5. Catie Rhodes says:

    I was wowed (all the way to tears) by your story about Teddy. They just don’t live long enough, do they?

    As for dogs being a comfort to veterans, I know this for a fact. One of our local veterans went through a horrible time when some local jerks shot is dog for fun. And that dog was all he had after he’d come back from overseas. It was so upsetting to him and such a dark time in our community. Here’s what I’m talking about:

    http://www.theblaze.com/stories/dog-killers-convicted-for-murdering-navy-seal-heros-beloved-companion/

    Anyway, I have a soft-heart toward veterans and what they go through after they come home from serving our country. This whole thing hurts my heart.

  6. That sounds like a very cruel piece of legislation. Dogs are so loving and curative. A friend of mine has a ‘healing dog’ that she takes to visit those who need her. I am not a dog lover (having been bitten twice as a child and thoroughly frightened but I do recognise that they make very good friends and Jackie’s work is so valuable. I send you all the best in your fight to make something good happen. 🙂
    PS I came to you from a comment on Thoughtsfromanamericanwoman.

  7. You are right, Sheri, this ruling is appalling. I wonder if any shelters have programs or would consider programs to offer rescue dogs to vets? I was very touched by the personal story you shared about Tom and Teddy. Life …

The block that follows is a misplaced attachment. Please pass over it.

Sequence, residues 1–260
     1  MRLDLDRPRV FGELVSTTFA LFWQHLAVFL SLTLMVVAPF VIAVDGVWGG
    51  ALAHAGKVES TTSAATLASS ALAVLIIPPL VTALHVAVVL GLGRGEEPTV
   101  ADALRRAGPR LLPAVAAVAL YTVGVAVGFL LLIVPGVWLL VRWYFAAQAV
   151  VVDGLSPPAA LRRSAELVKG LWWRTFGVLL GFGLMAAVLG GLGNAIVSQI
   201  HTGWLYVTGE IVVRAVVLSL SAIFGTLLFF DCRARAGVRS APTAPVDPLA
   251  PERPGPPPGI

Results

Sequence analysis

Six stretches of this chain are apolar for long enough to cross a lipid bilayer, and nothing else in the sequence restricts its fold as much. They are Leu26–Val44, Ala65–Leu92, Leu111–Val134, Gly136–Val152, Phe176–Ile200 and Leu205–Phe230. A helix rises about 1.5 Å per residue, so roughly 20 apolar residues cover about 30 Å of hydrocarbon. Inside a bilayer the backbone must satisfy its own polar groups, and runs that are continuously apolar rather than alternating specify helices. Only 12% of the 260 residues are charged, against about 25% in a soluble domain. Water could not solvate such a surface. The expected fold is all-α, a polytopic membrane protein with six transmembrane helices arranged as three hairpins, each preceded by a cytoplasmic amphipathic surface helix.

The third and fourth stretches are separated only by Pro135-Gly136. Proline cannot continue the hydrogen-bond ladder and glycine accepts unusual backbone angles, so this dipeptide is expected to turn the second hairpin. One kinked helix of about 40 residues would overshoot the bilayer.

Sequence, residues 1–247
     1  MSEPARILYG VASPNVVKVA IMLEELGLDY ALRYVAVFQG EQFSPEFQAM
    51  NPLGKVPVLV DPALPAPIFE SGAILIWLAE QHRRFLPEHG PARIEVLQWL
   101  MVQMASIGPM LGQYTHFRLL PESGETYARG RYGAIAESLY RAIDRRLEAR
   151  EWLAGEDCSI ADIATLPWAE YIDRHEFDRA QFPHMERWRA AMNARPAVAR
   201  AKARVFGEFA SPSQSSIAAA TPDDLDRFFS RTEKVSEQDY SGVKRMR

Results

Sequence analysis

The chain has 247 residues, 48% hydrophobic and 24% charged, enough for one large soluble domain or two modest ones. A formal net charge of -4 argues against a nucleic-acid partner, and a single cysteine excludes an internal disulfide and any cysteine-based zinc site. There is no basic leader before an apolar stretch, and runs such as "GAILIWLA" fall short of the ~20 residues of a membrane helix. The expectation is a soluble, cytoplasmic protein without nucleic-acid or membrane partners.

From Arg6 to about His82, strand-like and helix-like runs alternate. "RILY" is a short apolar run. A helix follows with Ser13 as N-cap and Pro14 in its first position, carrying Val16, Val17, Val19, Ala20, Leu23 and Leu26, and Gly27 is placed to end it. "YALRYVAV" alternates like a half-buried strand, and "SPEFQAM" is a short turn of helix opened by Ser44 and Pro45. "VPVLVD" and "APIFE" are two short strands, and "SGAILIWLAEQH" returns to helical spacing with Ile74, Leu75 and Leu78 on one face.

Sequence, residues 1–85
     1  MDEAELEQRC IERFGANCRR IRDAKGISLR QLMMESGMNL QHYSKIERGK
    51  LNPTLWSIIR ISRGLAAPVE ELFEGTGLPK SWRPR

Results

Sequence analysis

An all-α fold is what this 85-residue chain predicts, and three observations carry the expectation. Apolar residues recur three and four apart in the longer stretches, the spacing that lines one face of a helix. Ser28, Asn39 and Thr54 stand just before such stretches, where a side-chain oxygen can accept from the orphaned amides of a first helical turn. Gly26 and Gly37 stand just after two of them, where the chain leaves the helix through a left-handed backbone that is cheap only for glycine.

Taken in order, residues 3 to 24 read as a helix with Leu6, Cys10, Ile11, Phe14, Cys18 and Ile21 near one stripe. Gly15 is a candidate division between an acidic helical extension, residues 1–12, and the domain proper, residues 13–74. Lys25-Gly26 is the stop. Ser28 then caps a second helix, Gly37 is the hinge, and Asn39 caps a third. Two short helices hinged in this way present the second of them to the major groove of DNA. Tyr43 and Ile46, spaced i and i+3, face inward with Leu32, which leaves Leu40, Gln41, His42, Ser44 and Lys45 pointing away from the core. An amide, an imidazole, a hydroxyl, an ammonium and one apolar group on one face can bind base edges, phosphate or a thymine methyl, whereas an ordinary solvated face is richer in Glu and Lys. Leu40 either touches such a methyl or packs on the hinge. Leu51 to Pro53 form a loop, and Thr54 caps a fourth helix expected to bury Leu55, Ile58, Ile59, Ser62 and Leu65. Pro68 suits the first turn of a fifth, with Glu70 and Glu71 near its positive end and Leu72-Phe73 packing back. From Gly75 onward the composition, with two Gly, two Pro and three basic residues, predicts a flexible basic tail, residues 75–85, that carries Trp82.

• Patricia – I’ve contacted two rescue leagues asking them if they’ve heard about the ruling and would they be open to someone (me or someone else) helping them write a grant so that dogs could go through a program and then have them matched with veterans. Of course there’s more to it than just being matched–but it’s a start. This is something worth fighting for. If we hadn’t had Teddy, I wouldn’t have Tom in my life today.

  8. I wrote about a World War II veteran today, Sheri! Lovely information. We must be on the same wavelength!

  9. Lynn Garrett says:

    Sweet, sweet pictures of the puppies. How could anyone not benefit from the love they give?

    Lynn

  10. Mae Clair says:

    What a wonderful post, Sheri. I completely agree that pets, especially service dogs, have a profoundly postivie effect on those with medical conditions. It’s sad to think that our servicemen with PTSD are denied that option. My mother spent 13 months in a nursing home and the one thing that brightened her day was the monthly visit of therapy dogs. She was always so different then, excited and upbeat, as though those precious animals had reached into her soul and given her a new reason for living. In my opinion, therapy animals and service dogs are some of the best medicine available for those suffering from physical and mental ailments. Oddly enough, I just met a couple with a therapy dog “Liam” on a visit to a lake resort. I couldn’t help but fall in love with him and imagine every person who came in contact with him, especially those in need of love and comfort, did the same.